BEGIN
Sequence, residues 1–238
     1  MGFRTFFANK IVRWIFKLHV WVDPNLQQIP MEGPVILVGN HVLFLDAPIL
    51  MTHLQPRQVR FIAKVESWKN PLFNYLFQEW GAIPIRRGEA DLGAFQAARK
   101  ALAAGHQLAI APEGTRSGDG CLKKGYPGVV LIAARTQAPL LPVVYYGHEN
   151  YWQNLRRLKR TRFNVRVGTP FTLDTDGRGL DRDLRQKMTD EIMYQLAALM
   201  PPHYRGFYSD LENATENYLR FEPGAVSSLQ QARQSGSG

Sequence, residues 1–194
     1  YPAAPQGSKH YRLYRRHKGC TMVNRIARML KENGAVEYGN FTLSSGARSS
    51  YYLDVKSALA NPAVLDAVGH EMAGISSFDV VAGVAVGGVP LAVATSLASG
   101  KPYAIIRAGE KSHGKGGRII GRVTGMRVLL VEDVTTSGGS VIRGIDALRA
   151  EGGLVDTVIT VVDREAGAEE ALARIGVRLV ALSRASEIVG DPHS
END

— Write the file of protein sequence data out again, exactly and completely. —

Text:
Sequence, residues 1–238
     1  MGFRTFFANK IVRWIFKLHV WVDPNLQQIP MEGPVILVGN HVLFLDAPIL
    51  MTHLQPRQVR FIAKVESWKN PLFNYLFQEW GAIPIRRGEA DLGAFQAARK
   101  ALAAGHQLAI APEGTRSGDG CLKKGYPGVV LIAARTQAPL LPVVYYGHEN
   151  YWQNLRRLKR TRFNVRVGTP FTLDTDGRGL DRDLRQKMTD EIMYQLAALM
   201  PPHYRGFYSD LENATENYLR FEPGAVSSLQ QARQSGSG

Sequence, residues 1–194
     1  YPAAPQGSKH YRLYRRHKGC TMVNRIARML KENGAVEYGN FTLSSGARSS
    51  YYLDVKSALA NPAVLDAVGH EMAGISSFDV VAGVAVGGVP LAVATSLASG
   101  KPYAIIRAGE KSHGKGGRII GRVTGMRVLL VEDVTTSGGS VIRGIDALRA
   151  EGGLVDTVIT VVDREAGAEE ALARIGVRLV ALSRASEIVG DPHS